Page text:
And what will happen if it occurs?
An FKD Feature exclusive

If you haven’t been paying attention, President Donald Trump really, really, (really) wants to build a wall between the U.S. and Mexico because he wants to protect the border from illegal immigrants passing through it. And he wants $5 billion from Congress in order to do it. Meanwhile, Democrats are not so enthusiastic about the prospect of securing that amount of money for such a construction, and they agree to about $1.2 billion instead. In the fallout of the standoff between Democratic support and the President’s steely resolve to secure said $5 billion for the wall, a government shutdown is likely to occur. Trump has met at the White House with House Democratic Leader Nancy Pelosi, and Chuck Schumer, the top Democratic senator, and declared: “I will be the one to shut [the government] down” if he doesn’t get the funding he wants for border security. “And I am proud to shut down the government for border security.”

But what exactly does a shutdown even mean?

Government shutdown, defined

A government shutdown occurs when Congress fails to appropriate funds upon which the federal government relies in order to operate. The main reason why Congress might fail to secure funding for the government is due to partisan disagreement. During a government shutdown, non-essential discretionary federal programs close. A shutdown can be prevented by what is called a “continuing funding resolution.” Although, if Congress cannot agree upon a CR, which happens when the parties can’t even come to a temporary compromise, then it forces a shutdown. It signals a complete breakdown in the budget process.

What happens when the government shuts down?

The discretionary budget funds most federal departments. But those that provide essential services are not shut down. Essential services are those that include defense, national safety and security. The immediate effect of a government shutdown involves the furloughing of government employees. Furlough is when an employee is suspended without pay. Americans who depend on certain key suspended services are also furloughed during a government shutdown, and, as the shutdown continues, more services succumb to the shutdown and are forced to cease operations.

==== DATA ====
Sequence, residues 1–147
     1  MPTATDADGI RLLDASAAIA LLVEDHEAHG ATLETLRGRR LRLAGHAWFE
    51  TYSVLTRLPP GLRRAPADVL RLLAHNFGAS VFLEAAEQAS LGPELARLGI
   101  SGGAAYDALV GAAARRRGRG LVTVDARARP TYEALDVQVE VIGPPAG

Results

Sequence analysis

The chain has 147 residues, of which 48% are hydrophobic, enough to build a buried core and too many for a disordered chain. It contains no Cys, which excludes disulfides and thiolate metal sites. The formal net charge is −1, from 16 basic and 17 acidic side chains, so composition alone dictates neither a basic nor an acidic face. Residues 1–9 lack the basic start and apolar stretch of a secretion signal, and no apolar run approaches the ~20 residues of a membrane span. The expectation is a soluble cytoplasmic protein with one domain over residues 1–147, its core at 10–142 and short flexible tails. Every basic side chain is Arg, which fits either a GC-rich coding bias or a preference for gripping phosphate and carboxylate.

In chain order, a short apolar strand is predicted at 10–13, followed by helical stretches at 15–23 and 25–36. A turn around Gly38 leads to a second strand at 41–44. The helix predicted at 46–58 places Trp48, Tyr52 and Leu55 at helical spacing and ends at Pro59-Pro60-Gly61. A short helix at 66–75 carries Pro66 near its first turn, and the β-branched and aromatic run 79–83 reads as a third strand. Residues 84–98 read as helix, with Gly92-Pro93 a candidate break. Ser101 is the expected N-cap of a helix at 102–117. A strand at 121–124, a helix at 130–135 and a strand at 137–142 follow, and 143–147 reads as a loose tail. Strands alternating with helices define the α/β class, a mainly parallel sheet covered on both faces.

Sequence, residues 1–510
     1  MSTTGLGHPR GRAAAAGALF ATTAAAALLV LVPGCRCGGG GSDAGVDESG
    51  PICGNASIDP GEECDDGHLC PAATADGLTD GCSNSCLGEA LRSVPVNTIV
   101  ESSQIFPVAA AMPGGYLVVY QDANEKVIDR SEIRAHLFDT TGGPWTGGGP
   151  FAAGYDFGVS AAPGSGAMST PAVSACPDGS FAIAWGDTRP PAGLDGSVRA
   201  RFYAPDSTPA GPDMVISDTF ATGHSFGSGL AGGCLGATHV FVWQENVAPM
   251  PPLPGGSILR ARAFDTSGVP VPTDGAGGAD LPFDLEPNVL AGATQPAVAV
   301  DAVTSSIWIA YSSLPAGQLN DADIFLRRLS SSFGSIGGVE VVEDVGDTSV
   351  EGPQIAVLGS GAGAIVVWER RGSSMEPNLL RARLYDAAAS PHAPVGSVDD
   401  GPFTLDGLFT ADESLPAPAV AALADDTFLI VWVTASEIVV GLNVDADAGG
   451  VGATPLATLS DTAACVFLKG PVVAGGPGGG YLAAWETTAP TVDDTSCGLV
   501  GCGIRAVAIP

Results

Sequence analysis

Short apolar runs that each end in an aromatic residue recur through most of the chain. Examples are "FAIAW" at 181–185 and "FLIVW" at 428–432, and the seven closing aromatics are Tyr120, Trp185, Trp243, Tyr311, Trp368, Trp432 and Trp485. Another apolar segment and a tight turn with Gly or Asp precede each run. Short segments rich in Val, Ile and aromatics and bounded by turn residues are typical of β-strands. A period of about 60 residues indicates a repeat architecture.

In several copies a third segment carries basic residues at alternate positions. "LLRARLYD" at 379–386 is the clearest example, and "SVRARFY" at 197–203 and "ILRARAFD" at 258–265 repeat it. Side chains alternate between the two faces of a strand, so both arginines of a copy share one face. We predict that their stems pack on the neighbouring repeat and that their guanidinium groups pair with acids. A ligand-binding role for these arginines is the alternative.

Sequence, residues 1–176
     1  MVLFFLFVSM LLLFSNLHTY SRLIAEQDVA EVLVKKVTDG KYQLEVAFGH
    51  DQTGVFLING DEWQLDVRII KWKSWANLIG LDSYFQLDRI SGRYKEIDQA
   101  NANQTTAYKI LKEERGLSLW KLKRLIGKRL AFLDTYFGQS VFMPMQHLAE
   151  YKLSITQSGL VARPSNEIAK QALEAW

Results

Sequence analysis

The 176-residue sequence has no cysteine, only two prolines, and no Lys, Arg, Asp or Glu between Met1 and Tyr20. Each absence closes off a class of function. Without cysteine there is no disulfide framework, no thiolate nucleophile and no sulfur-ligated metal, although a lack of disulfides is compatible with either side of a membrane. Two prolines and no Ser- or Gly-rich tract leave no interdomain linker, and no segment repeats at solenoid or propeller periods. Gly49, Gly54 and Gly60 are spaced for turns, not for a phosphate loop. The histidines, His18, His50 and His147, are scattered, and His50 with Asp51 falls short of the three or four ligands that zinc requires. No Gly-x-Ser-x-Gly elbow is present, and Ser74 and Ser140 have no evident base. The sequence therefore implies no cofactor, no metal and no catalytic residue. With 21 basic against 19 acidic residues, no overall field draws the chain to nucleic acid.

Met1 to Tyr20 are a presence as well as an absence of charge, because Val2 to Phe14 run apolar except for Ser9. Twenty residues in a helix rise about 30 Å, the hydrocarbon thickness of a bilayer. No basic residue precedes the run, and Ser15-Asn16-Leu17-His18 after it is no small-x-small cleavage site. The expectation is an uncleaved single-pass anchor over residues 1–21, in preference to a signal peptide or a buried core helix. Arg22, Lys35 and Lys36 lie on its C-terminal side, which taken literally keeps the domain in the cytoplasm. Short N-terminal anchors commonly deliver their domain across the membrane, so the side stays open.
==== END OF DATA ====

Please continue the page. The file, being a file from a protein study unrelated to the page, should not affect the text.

Here are the major departments that shut down:

  • Commerce, except National Oceanic and Atmospheric Administration
  • Education
  • Energy. Functions that oversee the safety of the nation’s nuclear arsenal, dams and transmission lines remain open.
  • Environmental Protection Agency
  • Food and Drug Administration
  • Health and Human Services
  • Housing and Urban Development
  • Interior, including National Parks. The Department of Interior announced on Jan. 19, 2018, that parks would remain open despite a shutdown.
  • Internal Revenue Service, except those processing tax returns
  • Labor, including Bureau of Labor Statistics
  • NASA
  • National Institute of Health
  • Smithsonian. The agency used prior funds to remain open Jan. 22, 2018.

If the shutdown continues beyond two weeks, it will affect economic growth. That’s because government spending is, itself, a component of gross domestic product. It contributes 18 percent of economic output.

As of now, a shutdown is likely to occur.

Here’s a silver lining

A government shutdown, as has been said, has been sparked mainly by the fight between Trump and Democrats over his demand for a border wall. But a shutdown would have a smaller impact than other shutdowns in recent years.

This smaller impact is due to the fact that Congress and Trump already have approved funding bills for three-quarters of the needed $1.2 trillion in operating expenses for federal agencies. As a result, only some agencies, and considerably less than if three-quarters had not been previously approved, will be forced to close when funding runs out. And even in those cases, essential employees still would report to work.

Takeaway

It is a fact that even a limited shutdown could hurt the economy. Just as a “for example,” at the Department of Housing and Urban Development, 87 percent of the agency’s 7,800 employees would be sent home in the event of a government shutdown. “The Trump shutdown is something that can be avoided, that the American people do not need at this time of economic uncertainty, people losing jobs, the market in a mood and the rest,” Nancy Pelosi told reporters after meeting with Trump. So, if the government does shut down, we have to wait for one side, Democrats or Republicans, to blink and agree to cut a deal.

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Posted 01.01.2019 - 08:00 am EDT